NEWS & ANNOUNCEMENTS
A Letter/Manifesto to our Leadership
This letter is one composed of many voices. We are affordable housing advocates, (many for 30 years), Lake Street business owners, and cyclists. All are neighborhood activists, (many for up to 40 years) who live or work in the Midtown or East Phillips Neighborhoods. Because of our collective years of activism we see three areas of concern for our city/county/state that need to be the priority of these bodies of government.
1. Homelessness, and the encampments cropping up in our city.
2. The increased level of violent crime citywide.
3. The need for jobs and economic development, along with the rebuilding of East Lake Street’s small, minority, and immigrant businesses
Nothing will be resolved in Minneapolis, if these three issues are not made our priority. For example, will Minneapolis be able to attract convention business or any businesses that employ its citizens if violent crime has over-run it and tent cities continue to crop up? We don’t want to become another Detroit and that is what’s happening. To address these issues lawmakers need to come together under holistic plans, like the heading home plans already created, crime reduction strategies, put in place in the 1990s, under the federally funded program, Weed and Seed and comprehensive plans for job creation, especially for minority youth. They need to listen to the experts, whose voices on homelessness, crime and job creation were once heard, when plans were implemented and we were on our way to solving these problems. New voices need to be heard like those coming from directors of shelters, those who do outreach, work with law-enforcement to create equal justice for all in order to reduce crime, and develop opportunities for youth and our neighbors in need of good-paying jobs. Many past and present strategies have been disregarded by those who govern. We have been told they can’t be implemented due to regulations, funding or other reasons.
If these three issues are addressed and funded many of society’s ills will be lessened if not alleviated with much less work, for much less money. Funding for them should be a top priority. Presently it is not. For example, many members of the Phillips Neighborhoods were the drivers for the creation of the Midtown Greenway. Many residents of these neighborhoods are avid cyclists, and have enjoyed its benefits and its connection to all the other trails in the Metro area. It took thousands upon thousands of hours of volunteer work and millions of dollars to create and today all that work and all those funds have gone down the drain, because of the encampments. Yet today the Minneapolis City Council, Hennepin County and the Minneapolis Park Board have moved forward with the construction of hundreds of thousands of dollars’ worth of new trails that cyclists are afraid to use, because of the encampments that continue to grow and attract crime, drug dealing, car racing, and fires. Cyclist (some on this letter) will say that they don’t need any more trails until homelessness has been addressed! “Nothing good comes of encampments,” said a former outreach worker in our neighborhood with years of experience.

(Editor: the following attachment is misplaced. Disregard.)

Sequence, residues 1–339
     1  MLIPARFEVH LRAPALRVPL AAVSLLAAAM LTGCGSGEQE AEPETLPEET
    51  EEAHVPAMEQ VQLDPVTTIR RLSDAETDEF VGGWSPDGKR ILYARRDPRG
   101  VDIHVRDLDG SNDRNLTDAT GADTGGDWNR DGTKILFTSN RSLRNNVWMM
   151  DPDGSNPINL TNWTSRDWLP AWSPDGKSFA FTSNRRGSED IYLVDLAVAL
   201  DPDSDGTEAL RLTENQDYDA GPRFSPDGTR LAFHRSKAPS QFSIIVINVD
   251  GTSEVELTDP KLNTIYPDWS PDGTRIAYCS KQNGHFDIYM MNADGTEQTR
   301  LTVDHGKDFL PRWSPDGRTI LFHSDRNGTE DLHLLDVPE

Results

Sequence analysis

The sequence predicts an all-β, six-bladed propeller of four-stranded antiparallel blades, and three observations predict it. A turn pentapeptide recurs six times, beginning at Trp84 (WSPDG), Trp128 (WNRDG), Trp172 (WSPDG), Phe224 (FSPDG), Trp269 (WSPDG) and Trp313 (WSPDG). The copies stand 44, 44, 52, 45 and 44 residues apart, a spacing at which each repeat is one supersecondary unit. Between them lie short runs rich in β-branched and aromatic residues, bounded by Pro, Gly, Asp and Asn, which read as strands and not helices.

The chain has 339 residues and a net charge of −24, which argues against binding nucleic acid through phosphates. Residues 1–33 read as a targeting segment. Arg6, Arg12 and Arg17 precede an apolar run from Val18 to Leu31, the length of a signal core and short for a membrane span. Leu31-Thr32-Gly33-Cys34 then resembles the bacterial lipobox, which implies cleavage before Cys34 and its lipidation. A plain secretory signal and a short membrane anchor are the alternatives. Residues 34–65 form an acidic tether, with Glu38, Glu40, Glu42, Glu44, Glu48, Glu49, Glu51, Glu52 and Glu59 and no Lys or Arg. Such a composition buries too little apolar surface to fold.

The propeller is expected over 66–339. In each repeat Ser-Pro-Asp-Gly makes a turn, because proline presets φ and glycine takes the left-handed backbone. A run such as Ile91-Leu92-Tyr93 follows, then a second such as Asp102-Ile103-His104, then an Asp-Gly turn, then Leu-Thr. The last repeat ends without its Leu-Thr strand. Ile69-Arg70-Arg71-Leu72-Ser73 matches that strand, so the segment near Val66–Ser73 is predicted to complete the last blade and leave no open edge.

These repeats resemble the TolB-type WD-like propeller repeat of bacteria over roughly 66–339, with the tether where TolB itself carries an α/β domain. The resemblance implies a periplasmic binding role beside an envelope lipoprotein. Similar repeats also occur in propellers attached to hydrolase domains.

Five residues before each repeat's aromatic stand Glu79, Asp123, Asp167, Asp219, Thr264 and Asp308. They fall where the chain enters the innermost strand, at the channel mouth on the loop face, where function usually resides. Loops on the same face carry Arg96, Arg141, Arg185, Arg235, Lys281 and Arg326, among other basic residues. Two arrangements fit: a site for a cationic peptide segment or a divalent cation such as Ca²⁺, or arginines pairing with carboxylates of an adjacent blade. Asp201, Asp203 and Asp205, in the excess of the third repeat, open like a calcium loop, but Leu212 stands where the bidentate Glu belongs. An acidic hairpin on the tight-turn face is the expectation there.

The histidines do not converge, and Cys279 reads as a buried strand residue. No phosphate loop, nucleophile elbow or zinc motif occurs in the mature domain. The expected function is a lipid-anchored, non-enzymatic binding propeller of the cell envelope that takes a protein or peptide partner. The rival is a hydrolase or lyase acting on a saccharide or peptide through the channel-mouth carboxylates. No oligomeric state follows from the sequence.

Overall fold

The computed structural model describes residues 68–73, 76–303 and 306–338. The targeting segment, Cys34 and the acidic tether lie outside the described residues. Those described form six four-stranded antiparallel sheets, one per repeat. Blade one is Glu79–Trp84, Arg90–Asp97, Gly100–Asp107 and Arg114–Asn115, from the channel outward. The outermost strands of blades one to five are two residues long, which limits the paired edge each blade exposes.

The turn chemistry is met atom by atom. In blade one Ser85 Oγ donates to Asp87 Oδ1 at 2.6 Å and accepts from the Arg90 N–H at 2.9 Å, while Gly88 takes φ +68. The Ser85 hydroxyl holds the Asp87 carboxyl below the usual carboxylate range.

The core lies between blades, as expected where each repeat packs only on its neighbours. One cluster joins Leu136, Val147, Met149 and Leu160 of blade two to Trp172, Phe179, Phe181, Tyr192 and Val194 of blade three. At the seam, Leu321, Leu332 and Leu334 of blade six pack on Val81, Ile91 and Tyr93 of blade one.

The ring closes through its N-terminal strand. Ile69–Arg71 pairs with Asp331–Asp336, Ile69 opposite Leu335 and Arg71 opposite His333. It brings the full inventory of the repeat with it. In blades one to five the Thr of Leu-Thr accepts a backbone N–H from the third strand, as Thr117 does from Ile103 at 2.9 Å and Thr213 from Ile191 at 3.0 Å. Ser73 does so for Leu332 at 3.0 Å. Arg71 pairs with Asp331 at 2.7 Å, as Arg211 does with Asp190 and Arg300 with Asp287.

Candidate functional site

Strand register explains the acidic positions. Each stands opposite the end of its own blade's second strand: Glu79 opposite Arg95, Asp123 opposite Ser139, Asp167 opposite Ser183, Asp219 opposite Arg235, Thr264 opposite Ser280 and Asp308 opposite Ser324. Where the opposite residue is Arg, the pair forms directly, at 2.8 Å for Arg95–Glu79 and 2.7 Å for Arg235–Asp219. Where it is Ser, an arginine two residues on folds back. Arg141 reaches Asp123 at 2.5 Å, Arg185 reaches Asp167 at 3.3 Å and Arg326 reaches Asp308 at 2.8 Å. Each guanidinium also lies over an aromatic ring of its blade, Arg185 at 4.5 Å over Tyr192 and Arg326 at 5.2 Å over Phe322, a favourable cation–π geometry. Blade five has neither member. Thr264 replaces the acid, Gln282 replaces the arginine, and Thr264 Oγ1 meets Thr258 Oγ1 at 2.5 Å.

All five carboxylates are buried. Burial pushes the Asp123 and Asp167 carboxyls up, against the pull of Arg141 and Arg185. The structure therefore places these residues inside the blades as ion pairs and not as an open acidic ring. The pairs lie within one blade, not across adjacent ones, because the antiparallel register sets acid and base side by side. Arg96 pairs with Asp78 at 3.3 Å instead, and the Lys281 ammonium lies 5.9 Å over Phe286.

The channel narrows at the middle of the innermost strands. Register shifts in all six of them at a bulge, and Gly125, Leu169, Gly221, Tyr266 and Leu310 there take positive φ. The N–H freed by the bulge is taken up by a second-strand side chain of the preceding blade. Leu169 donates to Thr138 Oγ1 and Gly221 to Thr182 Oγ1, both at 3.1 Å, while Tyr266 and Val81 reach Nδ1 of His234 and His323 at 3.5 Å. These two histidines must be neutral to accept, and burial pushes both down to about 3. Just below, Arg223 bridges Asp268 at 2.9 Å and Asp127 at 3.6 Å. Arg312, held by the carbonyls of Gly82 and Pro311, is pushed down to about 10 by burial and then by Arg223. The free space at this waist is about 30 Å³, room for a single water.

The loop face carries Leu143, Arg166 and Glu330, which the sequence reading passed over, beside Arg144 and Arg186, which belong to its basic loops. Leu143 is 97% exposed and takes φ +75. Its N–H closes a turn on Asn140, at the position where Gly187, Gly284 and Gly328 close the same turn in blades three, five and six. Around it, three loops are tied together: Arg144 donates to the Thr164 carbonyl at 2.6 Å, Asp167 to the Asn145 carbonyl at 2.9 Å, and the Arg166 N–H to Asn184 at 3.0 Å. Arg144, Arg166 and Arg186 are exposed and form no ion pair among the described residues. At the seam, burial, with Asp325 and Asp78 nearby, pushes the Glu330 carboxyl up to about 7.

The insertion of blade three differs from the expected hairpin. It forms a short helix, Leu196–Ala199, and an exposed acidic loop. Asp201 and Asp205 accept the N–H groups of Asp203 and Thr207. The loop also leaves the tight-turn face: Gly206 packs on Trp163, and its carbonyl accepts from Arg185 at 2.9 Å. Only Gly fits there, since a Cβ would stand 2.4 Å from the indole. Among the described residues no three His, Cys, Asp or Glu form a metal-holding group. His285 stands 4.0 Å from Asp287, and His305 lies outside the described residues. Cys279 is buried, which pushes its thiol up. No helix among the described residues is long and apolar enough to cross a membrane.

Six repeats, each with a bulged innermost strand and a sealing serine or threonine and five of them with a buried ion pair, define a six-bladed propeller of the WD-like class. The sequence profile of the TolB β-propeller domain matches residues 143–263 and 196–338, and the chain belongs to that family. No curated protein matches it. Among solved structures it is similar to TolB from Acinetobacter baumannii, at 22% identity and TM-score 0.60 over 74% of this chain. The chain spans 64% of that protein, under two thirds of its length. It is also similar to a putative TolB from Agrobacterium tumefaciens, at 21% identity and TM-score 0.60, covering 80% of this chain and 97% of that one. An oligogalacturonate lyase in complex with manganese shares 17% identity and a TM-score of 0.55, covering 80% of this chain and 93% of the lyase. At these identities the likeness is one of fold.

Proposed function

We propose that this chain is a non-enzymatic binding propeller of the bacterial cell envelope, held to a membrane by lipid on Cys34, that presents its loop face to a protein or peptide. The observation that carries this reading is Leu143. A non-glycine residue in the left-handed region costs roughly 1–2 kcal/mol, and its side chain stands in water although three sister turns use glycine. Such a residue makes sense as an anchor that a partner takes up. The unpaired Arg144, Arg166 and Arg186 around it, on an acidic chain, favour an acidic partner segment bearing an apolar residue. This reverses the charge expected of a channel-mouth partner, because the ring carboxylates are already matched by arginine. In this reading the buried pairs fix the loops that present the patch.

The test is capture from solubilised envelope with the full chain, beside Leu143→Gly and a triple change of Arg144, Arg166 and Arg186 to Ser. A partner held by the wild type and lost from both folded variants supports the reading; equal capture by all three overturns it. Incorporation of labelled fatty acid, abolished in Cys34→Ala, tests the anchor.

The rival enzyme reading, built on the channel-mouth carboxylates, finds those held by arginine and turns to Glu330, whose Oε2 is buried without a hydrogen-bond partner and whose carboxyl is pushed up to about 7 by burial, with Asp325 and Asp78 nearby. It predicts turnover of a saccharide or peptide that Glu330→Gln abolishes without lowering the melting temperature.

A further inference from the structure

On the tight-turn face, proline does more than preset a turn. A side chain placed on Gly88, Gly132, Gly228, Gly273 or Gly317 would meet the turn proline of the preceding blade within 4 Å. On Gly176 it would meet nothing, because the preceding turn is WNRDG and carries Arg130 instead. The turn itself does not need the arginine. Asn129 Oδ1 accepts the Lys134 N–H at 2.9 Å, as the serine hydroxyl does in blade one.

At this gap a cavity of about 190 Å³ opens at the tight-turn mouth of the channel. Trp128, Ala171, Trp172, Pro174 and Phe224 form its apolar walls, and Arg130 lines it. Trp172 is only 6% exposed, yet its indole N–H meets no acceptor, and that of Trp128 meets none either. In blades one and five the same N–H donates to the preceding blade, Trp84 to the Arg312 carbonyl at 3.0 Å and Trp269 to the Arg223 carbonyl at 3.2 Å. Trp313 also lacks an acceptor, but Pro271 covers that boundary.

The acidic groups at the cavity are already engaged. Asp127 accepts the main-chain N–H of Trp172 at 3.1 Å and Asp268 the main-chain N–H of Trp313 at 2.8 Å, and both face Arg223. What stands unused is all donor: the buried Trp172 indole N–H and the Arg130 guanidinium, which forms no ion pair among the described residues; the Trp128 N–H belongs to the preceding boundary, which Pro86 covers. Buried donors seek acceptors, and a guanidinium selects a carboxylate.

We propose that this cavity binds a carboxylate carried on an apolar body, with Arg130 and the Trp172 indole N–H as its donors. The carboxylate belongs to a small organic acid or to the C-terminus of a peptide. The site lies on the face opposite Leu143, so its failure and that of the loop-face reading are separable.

We have been affordable housing activists for more than 30 years:
• advocating for funding and bonding on the state level, educating, adding input to Heading Home Hennepin, advocating for ordinance changes, and most importantly leveraging millions of dollars of neighborhood funding in order to build affordable rental units, houses, and rehab our housing stock.
The contributors of this letter have been residents of East/Midtown Phillips from ten to forty years and have collectively:
• contributed hundreds of years’ worth of volunteer organizing in this community, from block club leaders, NNO, Phillips Community Clean Sweep, and annual festivals. We were the spark for the creation of the Midtown Greenway, saved the former Sears building to be transformed into the Midtown Exchange, lobbied the state for bonding and fund-raised for the building of the East Phillips Park Cultural and Community Center, among many other accomplishments.
Through Weed and Seed, we leveraged funding:
• for the implementation of strategies and the creation of programs for fighting crime in order to keep our neighborhood safe. We funded youth programs, cameras on Bloomington Ave, ShotSpotter, and community policing. We worked with law enforcement to identify hot spots, and created restorative justice, among many other strategies and crime–fighting programs. It is sad to see so many of them go by the wayside.
For forty years the great organizers of Phillips worked to:
• bring in minority and immigrant businesses, especially the Latinx Community, worked with many organizations, like MADDADS, The Minnesota Indian Women’s Resource Center, neighborhood youth organizations, churches, and mosques to make our neighborhood welcoming and livable for all.